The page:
Responses to an apostate friend
Published: 18 May 2014 (GMT+10)
A supporter named Jonathon wrote seeking help in answering a friend who said the evidence for evolution caused him to abandon his Christian faith. Dr Jonathan Sarfati’s comments are interspersed in his correspondence.
Hi there, The work that you guys at CMI do is very much appreciated and it is very pleasing to see scientists standing up in support of what God’s Word says, particularly in the book of Genesis.
Glad it has been useful.
I have been in discussion with my evolutionist friend on a number of occasions and topics. He himself was once a Christian until challenged by an atheist friend and subsequently looked into the (interpretations of the) evidence from both sides and concluded that evolution is fact, creation is not.
I always wonder about these apostasy stories. I saw something quite interesting on another site recently (by an author who is an astute critic of Genesis compromisers).
He is therefore familiar with many creationist arguments and some of their flaws (which I suspect came from the ill-informed folk or those who also dabble in evolutionary explanations.
That remains to be seen.
We were discussing the age of the sun, and after he read the article ‘The young faint Sun paradox and the age of the solar system’ by Dr Danny Faulkner, his response was, ‘Yep heard that creationist argument about the sun before: For a start the change in solar output does not direct correspond to a change in the earth’s temperature. While inflow of energy is directly related to luminosity of the sun, outflow is to first order proportional to the fourth power of the earth’s temperature. This is Stefan-Boltzmann’s law, it’s in any physics textbook if you care to check. If feedback affects do not occur, a 25% increase in solar luminescence equals a 7% change in surface temperature on the earth. Funny how they didn’t mention that, I seriously question whether the author really knows what he is talking about or is deliberately leaving out information.’
The author is a full professor of astronomy, so probably knows much more than your friend. He is actually a self-described ‘stellar astronomer’, and it’s basic stellar astronomy to know that black body radiation is proportional to the fourth power of the temperature. Your friend also doesn’t seem to have done the calculations. The article said that the earth’s average temp is 15°C, and ‘we find that a 25% increase in solar luminosity increases the average temperature of the Earth by about 18°C.’ Easy to check: 15°C = 288 K (did your friend realize that calculations must be done with the Kelvin scale?), and 7% of that is about 20 K. So if anything, the article was understating the problem, although mine is just a back-of-envelope so I would go with Dr Faulkner’s statement.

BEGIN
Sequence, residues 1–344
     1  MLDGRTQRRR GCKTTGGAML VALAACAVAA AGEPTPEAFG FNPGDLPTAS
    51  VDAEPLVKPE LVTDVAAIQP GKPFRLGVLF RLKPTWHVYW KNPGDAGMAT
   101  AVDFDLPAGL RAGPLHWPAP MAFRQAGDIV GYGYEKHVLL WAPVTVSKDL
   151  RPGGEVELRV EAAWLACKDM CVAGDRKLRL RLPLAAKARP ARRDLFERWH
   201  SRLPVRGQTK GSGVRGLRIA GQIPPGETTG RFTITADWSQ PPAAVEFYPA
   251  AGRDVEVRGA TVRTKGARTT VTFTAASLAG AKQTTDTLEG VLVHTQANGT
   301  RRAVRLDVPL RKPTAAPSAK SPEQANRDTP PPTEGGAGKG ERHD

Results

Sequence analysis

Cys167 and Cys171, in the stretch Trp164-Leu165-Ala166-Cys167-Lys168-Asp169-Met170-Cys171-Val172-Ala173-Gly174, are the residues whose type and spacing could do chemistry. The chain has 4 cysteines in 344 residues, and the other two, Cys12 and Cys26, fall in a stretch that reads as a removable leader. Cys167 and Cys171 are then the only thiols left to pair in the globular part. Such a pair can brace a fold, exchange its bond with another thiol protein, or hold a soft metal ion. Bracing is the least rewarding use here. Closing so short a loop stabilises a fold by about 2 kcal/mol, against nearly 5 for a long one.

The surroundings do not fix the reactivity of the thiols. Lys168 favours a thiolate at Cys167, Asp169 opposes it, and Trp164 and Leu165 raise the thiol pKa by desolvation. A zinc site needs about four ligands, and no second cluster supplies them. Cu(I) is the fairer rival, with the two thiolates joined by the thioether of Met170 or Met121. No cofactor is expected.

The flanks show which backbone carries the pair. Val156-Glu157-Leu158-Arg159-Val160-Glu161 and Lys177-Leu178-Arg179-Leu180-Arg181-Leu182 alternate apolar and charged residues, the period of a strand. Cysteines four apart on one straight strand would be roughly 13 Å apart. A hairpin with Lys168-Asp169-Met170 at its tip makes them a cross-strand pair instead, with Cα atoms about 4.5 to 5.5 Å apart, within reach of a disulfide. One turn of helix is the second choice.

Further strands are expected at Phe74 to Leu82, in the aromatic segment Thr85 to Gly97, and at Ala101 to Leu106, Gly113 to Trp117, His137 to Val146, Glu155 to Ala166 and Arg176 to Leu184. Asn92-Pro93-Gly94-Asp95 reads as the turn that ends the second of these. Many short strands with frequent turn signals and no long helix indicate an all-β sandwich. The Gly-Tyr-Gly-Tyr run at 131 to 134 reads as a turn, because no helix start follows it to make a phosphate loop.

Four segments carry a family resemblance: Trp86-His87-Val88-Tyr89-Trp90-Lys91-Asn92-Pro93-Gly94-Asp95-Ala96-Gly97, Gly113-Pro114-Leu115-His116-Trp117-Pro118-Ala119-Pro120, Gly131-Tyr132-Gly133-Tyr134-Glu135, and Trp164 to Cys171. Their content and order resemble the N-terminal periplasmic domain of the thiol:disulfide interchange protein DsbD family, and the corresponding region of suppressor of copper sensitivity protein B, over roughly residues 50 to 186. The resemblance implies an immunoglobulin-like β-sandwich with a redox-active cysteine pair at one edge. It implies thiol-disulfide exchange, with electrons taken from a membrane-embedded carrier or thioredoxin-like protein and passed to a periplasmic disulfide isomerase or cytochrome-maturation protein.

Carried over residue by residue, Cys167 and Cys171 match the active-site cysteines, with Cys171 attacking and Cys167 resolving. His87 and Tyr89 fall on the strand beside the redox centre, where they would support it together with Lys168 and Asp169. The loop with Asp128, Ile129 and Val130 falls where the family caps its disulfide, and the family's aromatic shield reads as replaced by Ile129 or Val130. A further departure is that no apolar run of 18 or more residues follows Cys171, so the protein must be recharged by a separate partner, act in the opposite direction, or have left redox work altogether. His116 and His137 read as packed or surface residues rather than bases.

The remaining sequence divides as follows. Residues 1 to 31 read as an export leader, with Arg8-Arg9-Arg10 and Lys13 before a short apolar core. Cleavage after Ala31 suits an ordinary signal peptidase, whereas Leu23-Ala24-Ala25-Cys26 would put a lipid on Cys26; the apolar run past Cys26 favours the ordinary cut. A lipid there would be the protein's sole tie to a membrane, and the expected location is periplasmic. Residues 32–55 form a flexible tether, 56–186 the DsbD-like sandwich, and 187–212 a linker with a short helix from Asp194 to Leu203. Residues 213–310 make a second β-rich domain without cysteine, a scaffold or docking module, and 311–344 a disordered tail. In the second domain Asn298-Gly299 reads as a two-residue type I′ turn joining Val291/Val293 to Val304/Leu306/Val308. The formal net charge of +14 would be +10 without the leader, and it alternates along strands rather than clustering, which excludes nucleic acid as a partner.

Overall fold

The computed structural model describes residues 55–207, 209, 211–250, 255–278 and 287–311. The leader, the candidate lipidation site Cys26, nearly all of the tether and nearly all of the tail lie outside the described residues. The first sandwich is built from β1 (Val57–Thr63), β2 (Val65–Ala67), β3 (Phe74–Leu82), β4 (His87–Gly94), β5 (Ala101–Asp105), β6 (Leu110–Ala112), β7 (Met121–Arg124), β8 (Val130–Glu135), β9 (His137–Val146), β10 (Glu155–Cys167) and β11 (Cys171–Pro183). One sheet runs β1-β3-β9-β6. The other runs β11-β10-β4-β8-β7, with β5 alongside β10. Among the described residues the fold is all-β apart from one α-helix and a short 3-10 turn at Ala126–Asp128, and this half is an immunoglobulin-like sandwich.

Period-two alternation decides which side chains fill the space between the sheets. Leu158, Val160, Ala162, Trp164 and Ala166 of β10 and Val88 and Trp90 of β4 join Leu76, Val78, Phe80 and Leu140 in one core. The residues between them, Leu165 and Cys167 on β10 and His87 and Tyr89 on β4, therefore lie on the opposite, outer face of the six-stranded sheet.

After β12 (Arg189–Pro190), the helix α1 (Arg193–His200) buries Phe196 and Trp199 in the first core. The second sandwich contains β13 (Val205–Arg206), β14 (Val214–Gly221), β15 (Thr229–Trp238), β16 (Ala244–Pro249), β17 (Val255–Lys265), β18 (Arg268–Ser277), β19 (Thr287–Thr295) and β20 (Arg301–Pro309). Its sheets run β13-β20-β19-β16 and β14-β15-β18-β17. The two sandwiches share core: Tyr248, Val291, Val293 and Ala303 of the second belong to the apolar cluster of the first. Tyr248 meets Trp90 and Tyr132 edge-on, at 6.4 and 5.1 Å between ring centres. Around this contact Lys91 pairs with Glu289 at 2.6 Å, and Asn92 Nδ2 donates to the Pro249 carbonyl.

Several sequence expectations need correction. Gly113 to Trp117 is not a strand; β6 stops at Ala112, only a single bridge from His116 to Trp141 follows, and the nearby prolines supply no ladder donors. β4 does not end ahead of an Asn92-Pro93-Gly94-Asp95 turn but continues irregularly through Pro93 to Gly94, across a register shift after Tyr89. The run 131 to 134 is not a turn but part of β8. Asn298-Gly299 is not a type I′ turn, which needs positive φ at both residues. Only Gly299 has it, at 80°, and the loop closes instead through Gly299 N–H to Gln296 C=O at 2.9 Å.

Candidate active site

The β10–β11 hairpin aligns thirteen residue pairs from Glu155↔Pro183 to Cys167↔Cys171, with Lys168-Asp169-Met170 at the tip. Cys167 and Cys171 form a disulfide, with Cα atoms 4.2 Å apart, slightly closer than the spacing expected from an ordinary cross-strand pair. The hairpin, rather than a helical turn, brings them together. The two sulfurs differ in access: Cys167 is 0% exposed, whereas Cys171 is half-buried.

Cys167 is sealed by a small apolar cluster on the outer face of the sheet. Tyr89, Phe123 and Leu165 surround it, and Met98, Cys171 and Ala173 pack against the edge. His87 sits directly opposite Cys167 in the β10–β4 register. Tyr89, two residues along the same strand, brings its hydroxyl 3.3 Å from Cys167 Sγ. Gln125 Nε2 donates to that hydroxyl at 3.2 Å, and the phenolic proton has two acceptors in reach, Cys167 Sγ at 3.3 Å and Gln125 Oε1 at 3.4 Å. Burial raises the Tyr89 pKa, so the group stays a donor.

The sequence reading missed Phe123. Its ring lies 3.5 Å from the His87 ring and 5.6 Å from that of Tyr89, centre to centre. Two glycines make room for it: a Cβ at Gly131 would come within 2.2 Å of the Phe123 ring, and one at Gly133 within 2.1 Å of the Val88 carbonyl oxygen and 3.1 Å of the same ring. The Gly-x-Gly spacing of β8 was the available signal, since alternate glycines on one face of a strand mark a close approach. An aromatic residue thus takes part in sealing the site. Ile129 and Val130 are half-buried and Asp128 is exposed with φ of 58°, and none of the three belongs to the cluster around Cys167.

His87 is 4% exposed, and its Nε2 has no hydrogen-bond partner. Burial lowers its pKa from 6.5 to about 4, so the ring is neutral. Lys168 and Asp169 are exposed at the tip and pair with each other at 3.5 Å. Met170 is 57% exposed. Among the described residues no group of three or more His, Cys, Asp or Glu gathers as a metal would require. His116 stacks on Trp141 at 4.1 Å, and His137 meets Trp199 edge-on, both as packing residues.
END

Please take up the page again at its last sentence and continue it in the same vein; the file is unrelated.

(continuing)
My friend therefore wants to know why that piece of information was not included in the article, the fact that not all of the sun’s energy reaches earth (some is lost into space as well) as this would deem such a (creationist) argument faulty.
The precise statement wasn’t included, but as you can see from the above, the right conclusion was drawn without explicitly showing the working behind it (hence the words ‘we find’). The faint young sun problem is recognized by evolutionists, who try to explain it away.
My friend is also after a creationist explanation or some sort of mechanism that would prevent small scale ‘microevolution’ becoming large scale ‘macroevolution’ given enough time
Evidently your friend is not very familiar with our site, since we counsel against this micro-macro distinction. See ‘Arguments we think creationists should NOT use’. This is not to say that many evolutionists don’t see a problem. E.g. reporting on a macroevolution conference in the journal Science, Roger Lewin wrote:
“The central question of the Chicago conference was whether the mechanisms underlying microevolution can be extrapolated to explain the phenomena of macroevolution. At the risk of doing violence to the positions of some of the people at the meeting, the answer can be given as a clear, No.”
But our main theme is the direction of change, as explained in ‘The evolution train’s a-comin’ (Sorry, a-goin’—in the wrong direction)’ (actually a response to Jerry A. Coyne, the author of Why Evolution is True, which we have reviewed at ‘Why evolution need not be true’).
since he says laboratory studies have found new genes emerging, such new genes that have arisen in fruit flies1. Whilst I know the creationist ‘no new information arising’ argument, have new functions been found to arise?
Well, study ‘Can mutations create new information?’ to understand what’s happening here. The claim in the example Coyne provides is about gene duplication, but see ‘Does gene duplication provide the engine for evolution?’ and ‘Do new functions arise by gene duplication?’
Or is any case of something ‘new’ arising in the genome simply due to a mutation deleting or changing the order of something already existing and expressing something that was previously ‘hidden’ or ‘turned off’, such as the citrate ‘eating’ bacteria, regardless of the oxidative state of the bacterium’s environment?
I appreciate your time taken to read this and look forward to hearing back from you. Thanks, Jono H.
Hope this helps, Jonathan Sarfati
References and notes
- New genes arise quickly, whyevolutionistrue.wordpress.com, 21 December 2010. Return to text.